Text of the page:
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Instructions: identify a topic you are interested in, and develop a problem/ques

identify a topic you are interested in, and develop a problem/question or a set of related problems or questions.
Conduct a literature review to find previous studies, their dataset, text-mining techniques, and findings relevant to your problem domain.
Find the dataset to solve the problem(s) or answer the question(s). Make sure your dataset has at least one text column or attribute as
demonstrated in class. Preferably in the context of social media. It is okay to have only the text column. Avoid having too much or too little data. Too much data (e.g., more than 100,000 rows) takes a long time to process and optimize. Too little data (e.g., less than 100 rows) may result in model overfit or insufficient data to drive statistically significant insights. You can find the links to various data sources on the syllabus.
Clean the dataset. Handle missing/null, erroneous, and outlier data, transform and remove records or columns (attributes) you don’t need. After cleaning, your dataset should have at least 1000 rows of records. 
Provide descriptive statistics and visualization in the notebook. There is no limit on the number of statistical measurements or visualizations, but they should help to describe your data and find potential relationships, trends, and insights that can guide your next steps. Consider average token counts, sentence counts, and POS, and how they are correlated to your target variable if there is one.
Choose at least two modules (e.g. classification, clustering, topic modeling, sentiment analysis, advanced approaches) that you learned from the course and apply them in your project. If you are performing classification, then identify potential dependent and independent variables from your cleaned dataset, develop a hypothesis, and evaluate model performance. Try different algorithms and compare their performances with each other and with the baseline. Make sure to choose appropriate methods or algorithms that fit your data.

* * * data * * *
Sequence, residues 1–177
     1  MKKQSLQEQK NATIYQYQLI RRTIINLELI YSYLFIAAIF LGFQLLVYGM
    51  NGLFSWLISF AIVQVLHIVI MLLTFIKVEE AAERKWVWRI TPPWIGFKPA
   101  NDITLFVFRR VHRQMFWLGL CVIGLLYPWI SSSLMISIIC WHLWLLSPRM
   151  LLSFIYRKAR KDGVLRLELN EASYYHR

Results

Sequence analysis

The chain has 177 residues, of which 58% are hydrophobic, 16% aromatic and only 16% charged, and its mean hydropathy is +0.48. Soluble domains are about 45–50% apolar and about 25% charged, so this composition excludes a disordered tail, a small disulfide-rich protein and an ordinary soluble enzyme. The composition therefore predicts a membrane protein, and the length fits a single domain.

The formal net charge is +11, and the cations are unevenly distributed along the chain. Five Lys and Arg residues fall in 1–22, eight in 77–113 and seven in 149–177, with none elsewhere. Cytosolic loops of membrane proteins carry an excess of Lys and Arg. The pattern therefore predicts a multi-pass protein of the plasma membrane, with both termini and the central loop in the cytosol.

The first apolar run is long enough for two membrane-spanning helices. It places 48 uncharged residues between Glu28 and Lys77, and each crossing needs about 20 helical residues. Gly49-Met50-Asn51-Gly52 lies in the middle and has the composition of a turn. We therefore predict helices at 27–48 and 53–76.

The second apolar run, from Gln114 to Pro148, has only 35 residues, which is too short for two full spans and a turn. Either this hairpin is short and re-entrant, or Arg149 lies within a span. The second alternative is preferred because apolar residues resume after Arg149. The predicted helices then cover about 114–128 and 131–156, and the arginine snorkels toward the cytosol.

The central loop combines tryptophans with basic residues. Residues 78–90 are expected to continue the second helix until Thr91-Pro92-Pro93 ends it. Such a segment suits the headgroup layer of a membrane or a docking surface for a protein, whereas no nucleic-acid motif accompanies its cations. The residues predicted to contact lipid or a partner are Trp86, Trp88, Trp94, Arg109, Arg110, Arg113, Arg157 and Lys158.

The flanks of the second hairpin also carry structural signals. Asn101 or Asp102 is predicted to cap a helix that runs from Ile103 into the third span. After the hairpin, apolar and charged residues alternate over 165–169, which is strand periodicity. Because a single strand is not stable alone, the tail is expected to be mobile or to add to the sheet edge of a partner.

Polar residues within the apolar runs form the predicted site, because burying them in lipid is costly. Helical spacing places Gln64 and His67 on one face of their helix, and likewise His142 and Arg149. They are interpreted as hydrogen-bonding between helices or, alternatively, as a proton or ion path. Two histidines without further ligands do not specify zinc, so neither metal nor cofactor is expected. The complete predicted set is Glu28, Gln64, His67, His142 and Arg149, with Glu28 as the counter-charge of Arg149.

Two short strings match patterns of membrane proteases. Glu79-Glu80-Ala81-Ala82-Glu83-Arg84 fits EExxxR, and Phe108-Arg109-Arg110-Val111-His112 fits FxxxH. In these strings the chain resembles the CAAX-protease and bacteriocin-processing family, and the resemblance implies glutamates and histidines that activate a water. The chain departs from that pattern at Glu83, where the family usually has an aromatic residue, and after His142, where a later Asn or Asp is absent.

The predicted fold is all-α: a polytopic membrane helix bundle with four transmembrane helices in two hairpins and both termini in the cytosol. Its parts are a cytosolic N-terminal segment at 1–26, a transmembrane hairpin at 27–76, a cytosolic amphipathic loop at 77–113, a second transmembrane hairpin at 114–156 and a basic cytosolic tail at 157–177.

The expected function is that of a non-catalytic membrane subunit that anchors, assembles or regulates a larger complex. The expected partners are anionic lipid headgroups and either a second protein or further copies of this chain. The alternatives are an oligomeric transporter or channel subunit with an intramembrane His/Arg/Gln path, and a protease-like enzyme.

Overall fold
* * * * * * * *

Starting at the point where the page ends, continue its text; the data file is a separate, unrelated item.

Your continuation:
Discuss and interpret your key results in the context of your problem domain. Add valuable and unique insights and recommendations based on your analysis.
You can borrow or customize code sections from the demo in class or online or use AI, but do not copy the entire solution—unlike in the individual case study, where you implement others’ code.
Provide adequate annotations in the notebook explaining your code.
Section 1: Introduction. Introduce the topic and background, describe the problem(s)/question(s), and why they are important and valuable, reasonably complex and new yet practical and realistic. Use references to academic articles if needed.
Section 2: Literature review. Use references from at least five conference or journal papers in text mining published within the last ten years. Write a literature review by synthesizing the articles you’ve found to provide the current state of text-mining research in your problem domain. Based on the collective findings, it should highlight two to three common topics/themes, divergent viewpoints, and gaps in the existing literature. Use in-text citations.
Here are some reliable sources where you can find high-quality academic articles:
ResearchGate.netLinks to an external site. – you can find many open-access full papers available, and in the references section at the bottom of a paper, you can find many other papers on similar topics.
Google ScholarLinks to an external site. – You can filter results to the last ten years and only journal or conference papers.
Cal Poly Pomona University Online Library- You can use databases such as ABI, ACM, and IEEE, which are good choices. You can also use OneSearch at the top of the homepage to look up academic articles. You can find the full paper here if you cannot get it on Google Scholar or Research Gate.
Section 3: Dataset
Describe the original dataset and list the data source/links.
Describe the data collection and data cleaning process, including how you handled missing, erroneous, and outlier records, any transformation, what is removed from the original dataset, and the reason.
Section 4: Descriptive statistics and visualization
Section 5: Data analysis and Discussion, including text preprocessing, model construction, and performance evaluation. Compare results from different algorithms.
Section 6: Insights and recommendations based on the above analysis
Section 7: Conclusion, including summary, limitations, and future study
Section 8: References used in the introduction and literature review

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identify a topic you are interested in, and develop a problem/ques appeared first on essaynook.com.

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